At a church where the migrants had been staying on Martha's Vineyard, migrants cheered Friday morning when they heard the Massachusetts government would shelter them at a Cape Cod military base.
They embraced each other and locals before boarding buses provided by state and local government for their journey to the base.
A volunteer helping the migrants was among those hugging them, and was in tears as they departed.
"This was another person's -- multiple peoples' -- really difficult moment in their life, and they shared it with us with such grace and affection and humor. And to be welcomed into their lives and into their hearts was a gift," Lisa Belcastro said.
A group of civil rights attorneys working with the migrants said their stories are "heartbreaking -- and infuriating." Many of the migrants went to a hospital in need of care upon their arrival to the island on Wednesday.
Some of these migrants were sent to Martha's Vineyard even though they have immigration hearings scheduled that are nowhere near Massachusetts, the group said. Migrants released from government custody often move to other cities in the US as they go through their immigration proceedings.
"This cowardly political stunt has placed our clients in peril," the Lawyers for Civil Rights group said in a news release Friday. "Some now have immigration hearings as early as Monday thousands of miles away."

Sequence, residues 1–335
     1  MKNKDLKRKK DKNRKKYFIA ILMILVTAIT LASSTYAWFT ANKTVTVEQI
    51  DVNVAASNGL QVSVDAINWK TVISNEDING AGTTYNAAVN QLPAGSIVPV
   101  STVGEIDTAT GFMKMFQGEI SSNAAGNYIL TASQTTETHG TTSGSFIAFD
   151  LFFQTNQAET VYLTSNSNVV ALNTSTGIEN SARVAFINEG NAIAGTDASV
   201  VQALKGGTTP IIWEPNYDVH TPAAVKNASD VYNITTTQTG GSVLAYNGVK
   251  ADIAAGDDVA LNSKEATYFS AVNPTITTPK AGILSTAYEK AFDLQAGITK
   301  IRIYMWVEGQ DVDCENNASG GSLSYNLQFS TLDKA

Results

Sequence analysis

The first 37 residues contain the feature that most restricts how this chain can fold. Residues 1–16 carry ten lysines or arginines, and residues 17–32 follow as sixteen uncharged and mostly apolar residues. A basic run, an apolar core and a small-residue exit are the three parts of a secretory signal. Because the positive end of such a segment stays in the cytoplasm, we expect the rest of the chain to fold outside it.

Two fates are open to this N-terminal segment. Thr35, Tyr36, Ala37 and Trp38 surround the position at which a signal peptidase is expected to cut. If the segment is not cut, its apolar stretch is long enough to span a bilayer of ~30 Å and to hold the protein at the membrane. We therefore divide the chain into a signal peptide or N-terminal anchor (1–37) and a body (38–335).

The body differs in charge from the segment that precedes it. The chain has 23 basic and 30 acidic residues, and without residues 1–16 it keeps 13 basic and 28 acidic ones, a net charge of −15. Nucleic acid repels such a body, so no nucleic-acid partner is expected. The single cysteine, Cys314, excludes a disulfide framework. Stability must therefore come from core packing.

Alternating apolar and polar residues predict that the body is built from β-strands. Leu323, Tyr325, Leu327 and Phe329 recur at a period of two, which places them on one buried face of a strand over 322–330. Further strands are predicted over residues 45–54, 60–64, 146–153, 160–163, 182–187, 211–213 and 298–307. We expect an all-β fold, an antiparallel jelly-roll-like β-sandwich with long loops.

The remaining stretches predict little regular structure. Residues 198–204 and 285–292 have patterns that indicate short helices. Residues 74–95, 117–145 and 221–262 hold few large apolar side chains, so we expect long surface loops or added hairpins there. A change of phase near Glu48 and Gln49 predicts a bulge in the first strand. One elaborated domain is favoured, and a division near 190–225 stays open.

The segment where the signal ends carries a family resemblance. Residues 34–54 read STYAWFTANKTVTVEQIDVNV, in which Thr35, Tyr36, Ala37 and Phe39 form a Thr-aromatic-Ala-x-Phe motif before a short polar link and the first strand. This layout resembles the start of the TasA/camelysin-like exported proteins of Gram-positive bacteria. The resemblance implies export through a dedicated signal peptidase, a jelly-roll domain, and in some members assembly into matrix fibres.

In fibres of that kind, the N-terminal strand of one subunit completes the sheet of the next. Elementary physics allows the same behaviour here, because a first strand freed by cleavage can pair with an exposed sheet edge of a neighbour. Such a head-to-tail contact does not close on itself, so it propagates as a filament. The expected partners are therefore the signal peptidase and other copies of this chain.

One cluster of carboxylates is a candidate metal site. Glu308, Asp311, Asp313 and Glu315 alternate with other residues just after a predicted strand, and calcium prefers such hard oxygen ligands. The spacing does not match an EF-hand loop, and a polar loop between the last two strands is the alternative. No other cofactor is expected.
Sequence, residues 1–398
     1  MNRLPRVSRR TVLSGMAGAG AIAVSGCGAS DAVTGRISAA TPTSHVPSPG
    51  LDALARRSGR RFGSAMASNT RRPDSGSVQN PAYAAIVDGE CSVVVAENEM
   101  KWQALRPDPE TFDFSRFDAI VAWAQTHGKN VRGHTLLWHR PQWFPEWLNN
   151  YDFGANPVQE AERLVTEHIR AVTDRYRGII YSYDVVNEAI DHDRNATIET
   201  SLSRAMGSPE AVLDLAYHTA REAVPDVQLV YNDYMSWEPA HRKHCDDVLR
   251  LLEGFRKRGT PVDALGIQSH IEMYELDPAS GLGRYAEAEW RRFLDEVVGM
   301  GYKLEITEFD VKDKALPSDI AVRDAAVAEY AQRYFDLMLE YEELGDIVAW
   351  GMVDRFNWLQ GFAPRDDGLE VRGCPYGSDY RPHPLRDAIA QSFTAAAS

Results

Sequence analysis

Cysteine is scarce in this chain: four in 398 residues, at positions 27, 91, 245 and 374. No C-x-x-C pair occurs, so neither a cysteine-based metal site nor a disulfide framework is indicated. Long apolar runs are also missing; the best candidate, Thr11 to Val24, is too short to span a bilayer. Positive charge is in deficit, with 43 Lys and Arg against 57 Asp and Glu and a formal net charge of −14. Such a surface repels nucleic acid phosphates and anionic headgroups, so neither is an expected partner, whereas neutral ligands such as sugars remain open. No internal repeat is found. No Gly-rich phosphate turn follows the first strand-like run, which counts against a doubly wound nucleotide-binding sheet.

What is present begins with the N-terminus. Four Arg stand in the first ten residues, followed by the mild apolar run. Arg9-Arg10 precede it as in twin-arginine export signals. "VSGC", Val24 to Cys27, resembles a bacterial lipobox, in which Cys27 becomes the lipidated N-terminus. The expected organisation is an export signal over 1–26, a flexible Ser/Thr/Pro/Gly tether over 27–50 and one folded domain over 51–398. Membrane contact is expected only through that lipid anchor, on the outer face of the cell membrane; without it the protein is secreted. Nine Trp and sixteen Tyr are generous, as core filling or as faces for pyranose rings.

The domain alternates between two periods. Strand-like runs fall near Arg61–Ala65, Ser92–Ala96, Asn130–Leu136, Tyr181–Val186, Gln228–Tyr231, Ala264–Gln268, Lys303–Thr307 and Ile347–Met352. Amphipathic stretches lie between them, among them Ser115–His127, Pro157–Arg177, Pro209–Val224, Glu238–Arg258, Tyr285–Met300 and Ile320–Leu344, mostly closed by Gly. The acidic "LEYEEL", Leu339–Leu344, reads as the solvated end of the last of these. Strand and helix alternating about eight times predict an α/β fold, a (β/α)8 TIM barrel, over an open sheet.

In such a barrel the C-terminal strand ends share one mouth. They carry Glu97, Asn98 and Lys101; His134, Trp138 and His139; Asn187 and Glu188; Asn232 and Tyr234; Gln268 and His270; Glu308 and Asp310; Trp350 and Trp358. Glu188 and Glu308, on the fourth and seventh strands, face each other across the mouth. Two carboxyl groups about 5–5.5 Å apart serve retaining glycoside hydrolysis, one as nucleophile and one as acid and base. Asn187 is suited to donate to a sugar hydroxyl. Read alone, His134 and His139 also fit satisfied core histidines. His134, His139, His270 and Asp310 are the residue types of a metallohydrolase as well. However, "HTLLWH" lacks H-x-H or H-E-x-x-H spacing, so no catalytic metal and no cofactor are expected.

Some attorneys from the group accompanied the migrants on the buses headed to the Cape Cod base.
The help that awaits the migrants on Cape Cod
Joint Base Cape Cod -- already an emergency shelter designated by the state emergency management agency -- is set up to provide "a safe temporary accommodation appropriate for the needs of families and individuals," the governor's office said in a release.
The migrants "will be housed in dormitory-style spaces at JBCC, with separate spaces accommodating both individuals and families," and families will not be separated, the release reads.
They will have access to services including legal, health care, food, hygiene kits, and crisis counseling, according to Baker's office.
Baker, a Republican, lauded a temporary shelter that the Martha's Vineyard community set up for the migrants in "a moment of urgent need."
"We are grateful to the providers, volunteers and local officials that stepped up on Martha's Vineyard over the past few days to provide immediate services to these individuals," Baker said in a news release.
White House denounces DeSantis' move
Despite Wednesday's unannounced arrivals on Martha's Vineyard, some residents of the island worked quickly to provide some key services.
Hagerty said overall the "outpour was tremendous" and reiterated the island community answered the call to help when migrants arrived without notice earlier this week.
"Sometimes we're alone and unafraid out here, but we understand the path of travel and we understand we're a community that ultimately wants to help people," Hagerty said.
CNN's Maria Santana, Amy Simonson, Priscilla Alvarez and Devan Cole contributed to this report.